“Obviously, the numbers and the data that are out there now, you would be absolutely foolish not to have that information and look at it and use it,” Eiland said. “That’s the way this game has evolved. If you don’t evolve with it, you’re going to get left behind.”
‘You can’t wait too long’
For the Mets, righthander Seth Lugo emerged as the poster boy for the drawbacks that comes with pushing starters too far. Alderson recalled one September start in particular.
Lugo cruised through the first five innings against the Astros before getting caught in a familiar trap. He allowed a single to the first batter in the sixth, then followed that up with a walk. Nevertheless, he stayed in the game, only to allow a pair of run-scoring hits before being pulled. It was too late.
“It was bullpen capacity,” Alderson said. “We didn’t have the same bullpen capacity. So it wasn’t as easy for us to make that decision.”
Last season, the Mets’ bullpen ranked among the worst in baseball, a reality they can’t afford if they hope to ease the workload on their starters in 2018.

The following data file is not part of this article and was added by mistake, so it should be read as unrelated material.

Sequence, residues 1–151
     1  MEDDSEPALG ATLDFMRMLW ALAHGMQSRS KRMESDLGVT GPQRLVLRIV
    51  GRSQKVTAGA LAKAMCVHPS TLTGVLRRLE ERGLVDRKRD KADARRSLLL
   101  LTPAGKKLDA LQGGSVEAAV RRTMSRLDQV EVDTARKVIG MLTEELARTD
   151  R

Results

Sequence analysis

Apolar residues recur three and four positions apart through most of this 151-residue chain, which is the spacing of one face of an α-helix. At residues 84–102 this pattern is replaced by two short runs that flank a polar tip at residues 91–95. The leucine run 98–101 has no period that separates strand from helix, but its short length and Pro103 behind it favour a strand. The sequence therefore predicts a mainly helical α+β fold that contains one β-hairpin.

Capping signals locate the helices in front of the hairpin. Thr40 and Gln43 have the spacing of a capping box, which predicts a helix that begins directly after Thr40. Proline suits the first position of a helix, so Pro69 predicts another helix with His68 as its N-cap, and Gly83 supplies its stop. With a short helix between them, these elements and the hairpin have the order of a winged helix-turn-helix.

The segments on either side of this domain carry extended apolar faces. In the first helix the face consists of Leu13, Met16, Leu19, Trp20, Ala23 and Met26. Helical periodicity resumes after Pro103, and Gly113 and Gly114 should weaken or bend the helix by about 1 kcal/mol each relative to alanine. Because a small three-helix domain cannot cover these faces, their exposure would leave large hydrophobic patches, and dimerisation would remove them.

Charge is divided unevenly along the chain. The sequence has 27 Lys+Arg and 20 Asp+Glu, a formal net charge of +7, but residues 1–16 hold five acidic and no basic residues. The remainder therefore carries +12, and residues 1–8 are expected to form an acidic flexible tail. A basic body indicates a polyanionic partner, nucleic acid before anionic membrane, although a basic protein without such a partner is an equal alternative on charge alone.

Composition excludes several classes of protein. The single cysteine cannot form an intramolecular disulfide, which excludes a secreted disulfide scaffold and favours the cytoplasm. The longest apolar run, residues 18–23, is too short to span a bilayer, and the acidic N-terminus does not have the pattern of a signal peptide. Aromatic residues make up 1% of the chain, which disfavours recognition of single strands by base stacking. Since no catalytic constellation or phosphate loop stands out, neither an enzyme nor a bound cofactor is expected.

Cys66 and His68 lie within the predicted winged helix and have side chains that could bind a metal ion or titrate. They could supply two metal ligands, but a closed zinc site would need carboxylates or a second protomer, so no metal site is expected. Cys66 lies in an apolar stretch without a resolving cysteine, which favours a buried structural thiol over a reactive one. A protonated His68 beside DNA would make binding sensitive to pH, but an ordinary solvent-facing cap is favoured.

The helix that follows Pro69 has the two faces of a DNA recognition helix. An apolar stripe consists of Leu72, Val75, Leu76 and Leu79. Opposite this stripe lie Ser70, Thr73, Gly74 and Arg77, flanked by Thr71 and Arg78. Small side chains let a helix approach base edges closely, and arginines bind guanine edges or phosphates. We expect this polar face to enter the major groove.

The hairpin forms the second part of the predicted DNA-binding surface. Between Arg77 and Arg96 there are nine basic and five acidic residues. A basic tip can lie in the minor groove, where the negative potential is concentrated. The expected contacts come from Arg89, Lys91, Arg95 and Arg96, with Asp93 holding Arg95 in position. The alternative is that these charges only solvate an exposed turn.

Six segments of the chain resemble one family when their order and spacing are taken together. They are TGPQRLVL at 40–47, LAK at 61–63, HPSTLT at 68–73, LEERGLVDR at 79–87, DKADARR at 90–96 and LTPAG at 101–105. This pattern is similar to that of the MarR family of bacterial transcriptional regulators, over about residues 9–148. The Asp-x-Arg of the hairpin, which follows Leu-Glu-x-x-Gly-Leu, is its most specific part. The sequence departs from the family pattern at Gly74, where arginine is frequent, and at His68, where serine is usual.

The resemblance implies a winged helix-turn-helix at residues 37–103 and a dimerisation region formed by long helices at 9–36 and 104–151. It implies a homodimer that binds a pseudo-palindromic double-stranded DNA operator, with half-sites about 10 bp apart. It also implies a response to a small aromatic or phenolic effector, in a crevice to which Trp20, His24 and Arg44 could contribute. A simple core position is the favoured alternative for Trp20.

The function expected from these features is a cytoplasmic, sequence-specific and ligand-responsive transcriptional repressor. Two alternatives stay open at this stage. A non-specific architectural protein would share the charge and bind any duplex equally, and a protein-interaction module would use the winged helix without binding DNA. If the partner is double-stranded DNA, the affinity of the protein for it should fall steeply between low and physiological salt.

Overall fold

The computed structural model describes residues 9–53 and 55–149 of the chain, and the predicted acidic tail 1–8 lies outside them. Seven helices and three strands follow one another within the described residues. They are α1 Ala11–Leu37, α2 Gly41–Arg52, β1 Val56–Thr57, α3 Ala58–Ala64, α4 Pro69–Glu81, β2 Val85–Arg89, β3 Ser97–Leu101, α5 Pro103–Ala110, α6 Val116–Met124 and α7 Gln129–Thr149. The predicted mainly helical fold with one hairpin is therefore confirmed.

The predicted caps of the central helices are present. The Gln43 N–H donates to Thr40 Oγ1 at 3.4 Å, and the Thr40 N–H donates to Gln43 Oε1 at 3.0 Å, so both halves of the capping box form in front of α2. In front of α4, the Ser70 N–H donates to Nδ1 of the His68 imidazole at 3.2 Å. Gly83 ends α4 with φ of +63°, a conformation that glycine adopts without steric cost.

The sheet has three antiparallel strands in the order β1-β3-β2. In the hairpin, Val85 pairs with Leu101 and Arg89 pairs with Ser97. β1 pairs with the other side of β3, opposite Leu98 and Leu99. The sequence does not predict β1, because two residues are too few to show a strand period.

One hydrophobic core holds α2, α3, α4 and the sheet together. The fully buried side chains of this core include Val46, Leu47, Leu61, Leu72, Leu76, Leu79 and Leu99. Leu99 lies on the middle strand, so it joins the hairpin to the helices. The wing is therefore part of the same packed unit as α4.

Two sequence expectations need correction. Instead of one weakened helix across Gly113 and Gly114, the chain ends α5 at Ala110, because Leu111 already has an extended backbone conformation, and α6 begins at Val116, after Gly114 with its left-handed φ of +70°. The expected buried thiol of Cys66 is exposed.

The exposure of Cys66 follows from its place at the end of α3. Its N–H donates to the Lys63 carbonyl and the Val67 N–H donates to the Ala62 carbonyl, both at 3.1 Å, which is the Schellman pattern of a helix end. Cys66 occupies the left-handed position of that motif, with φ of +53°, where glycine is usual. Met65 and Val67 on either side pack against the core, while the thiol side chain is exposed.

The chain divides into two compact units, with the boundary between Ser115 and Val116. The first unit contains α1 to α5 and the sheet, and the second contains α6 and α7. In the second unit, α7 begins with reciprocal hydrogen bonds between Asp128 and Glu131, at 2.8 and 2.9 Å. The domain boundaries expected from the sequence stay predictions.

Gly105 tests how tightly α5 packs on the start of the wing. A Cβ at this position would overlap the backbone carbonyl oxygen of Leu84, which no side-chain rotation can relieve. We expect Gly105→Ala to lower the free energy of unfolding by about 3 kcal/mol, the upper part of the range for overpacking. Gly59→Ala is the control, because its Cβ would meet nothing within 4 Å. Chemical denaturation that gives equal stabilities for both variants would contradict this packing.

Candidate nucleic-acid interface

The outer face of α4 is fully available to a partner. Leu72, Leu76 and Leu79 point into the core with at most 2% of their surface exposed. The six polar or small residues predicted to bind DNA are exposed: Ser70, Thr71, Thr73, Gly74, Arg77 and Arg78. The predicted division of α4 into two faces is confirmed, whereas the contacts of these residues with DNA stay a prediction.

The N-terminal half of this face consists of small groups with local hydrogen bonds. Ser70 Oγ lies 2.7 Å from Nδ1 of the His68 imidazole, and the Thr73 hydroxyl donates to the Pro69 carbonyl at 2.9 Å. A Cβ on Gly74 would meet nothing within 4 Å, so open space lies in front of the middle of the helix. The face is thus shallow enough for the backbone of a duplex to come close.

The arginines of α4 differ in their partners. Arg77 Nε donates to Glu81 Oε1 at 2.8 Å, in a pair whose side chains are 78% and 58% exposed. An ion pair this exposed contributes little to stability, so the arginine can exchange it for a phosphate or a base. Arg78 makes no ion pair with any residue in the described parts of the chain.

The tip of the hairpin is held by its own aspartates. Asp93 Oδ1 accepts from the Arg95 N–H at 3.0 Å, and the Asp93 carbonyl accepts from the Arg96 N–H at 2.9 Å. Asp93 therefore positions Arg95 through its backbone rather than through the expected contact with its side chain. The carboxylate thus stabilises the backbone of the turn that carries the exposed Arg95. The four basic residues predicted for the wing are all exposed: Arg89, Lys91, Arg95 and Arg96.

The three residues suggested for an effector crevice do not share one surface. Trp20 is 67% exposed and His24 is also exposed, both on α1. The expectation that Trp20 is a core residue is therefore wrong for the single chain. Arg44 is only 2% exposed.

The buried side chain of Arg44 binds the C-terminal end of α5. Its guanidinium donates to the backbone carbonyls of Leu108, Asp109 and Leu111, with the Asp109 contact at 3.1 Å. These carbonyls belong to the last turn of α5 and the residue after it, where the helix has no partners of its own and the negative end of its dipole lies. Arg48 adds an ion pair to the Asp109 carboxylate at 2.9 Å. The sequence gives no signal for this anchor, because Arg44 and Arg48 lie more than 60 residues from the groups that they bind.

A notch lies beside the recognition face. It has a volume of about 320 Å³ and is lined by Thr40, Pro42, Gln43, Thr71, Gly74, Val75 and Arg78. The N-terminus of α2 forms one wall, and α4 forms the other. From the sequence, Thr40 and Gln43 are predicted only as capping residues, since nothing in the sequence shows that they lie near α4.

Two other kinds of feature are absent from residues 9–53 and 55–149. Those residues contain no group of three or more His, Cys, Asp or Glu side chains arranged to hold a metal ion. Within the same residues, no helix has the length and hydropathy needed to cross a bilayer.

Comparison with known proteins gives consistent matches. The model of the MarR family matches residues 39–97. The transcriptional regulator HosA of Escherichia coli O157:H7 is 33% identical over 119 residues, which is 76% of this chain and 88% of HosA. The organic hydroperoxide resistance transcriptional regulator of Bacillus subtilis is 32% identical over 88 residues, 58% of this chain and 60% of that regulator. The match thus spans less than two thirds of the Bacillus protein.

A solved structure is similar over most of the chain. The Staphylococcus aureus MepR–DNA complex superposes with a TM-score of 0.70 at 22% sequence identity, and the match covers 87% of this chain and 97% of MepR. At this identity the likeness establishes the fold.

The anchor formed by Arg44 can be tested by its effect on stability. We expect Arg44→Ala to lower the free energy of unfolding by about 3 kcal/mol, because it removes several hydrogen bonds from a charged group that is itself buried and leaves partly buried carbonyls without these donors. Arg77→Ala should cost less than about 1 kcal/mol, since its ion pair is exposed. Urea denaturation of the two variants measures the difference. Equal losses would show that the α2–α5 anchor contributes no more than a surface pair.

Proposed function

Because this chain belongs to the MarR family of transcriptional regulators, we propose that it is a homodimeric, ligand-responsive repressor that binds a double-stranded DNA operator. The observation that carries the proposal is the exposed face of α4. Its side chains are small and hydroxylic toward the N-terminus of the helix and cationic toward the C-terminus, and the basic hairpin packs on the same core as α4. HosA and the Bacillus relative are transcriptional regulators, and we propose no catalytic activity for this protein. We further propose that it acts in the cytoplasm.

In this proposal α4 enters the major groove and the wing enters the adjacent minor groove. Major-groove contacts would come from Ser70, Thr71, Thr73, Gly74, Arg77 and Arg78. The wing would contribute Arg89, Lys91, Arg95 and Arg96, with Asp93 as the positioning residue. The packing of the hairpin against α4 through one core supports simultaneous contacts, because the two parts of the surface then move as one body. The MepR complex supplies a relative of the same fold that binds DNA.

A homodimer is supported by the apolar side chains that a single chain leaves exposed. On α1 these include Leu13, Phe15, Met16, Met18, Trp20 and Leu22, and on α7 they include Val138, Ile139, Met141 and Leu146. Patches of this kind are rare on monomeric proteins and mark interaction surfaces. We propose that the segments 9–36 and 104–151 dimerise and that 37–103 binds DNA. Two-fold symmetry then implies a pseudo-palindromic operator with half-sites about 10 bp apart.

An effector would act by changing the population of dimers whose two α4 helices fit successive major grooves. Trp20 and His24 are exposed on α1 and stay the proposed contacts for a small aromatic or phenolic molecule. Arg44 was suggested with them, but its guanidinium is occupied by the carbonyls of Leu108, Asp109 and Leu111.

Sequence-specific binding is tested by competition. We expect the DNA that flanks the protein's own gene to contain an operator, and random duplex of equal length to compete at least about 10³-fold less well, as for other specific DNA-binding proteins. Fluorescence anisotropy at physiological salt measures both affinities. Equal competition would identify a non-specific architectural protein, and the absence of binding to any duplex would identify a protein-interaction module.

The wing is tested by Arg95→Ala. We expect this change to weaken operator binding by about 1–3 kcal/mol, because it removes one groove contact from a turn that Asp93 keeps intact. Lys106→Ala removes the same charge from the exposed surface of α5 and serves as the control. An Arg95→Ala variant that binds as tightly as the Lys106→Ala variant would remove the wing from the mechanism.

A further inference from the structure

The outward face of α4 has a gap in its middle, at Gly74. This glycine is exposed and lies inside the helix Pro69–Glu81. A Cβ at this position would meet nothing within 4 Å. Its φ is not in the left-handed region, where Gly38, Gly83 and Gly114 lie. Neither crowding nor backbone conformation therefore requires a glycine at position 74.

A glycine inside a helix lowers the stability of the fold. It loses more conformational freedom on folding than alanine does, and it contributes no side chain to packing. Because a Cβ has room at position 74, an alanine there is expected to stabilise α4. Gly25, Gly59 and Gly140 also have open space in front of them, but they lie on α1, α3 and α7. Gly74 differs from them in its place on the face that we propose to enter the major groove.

The work to bolster the bullpen began at the July 31 trade deadline. Alderson dealt a pair of prospects to the Marlins for an established reliever in AJ Ramos. He then pulled off a series of trades to bring back a group of controllable young arms that includes Jacob Rhame and Jamie Callahan. All have minor-league options, offering the Mets the flexibility required to cycle in fresh arms when the need arises.
Only quality depth will give the Mets a chance to execute their plan without burning out the bullpen.
“If you’re sending a guy out for the third time — and historically he struggles the third time through the order — you have to have the bullpen on red alert,” Eiland said. “You can’t wait too long to get him through the game.”
Still, work remains to be done.
Alderson has historically shied away from paying the premium for top relievers, but this offseason, the Mets have taken aim at a tier of arms they generally have considered too expensive. The group includes the likes of Brandon Morrow, Mike Minor, Bryan Shaw and Addison Reed.
Each is expected to command a multiyear deal, but sources say all remain on the team’s radar. It’s another indication of the Mets’ intent to change the way they deploy their pitchers.
Said Alderson: “If the numbers are telling you that guys can’t get through the third time in the lineup, then they shouldn’t be out there.”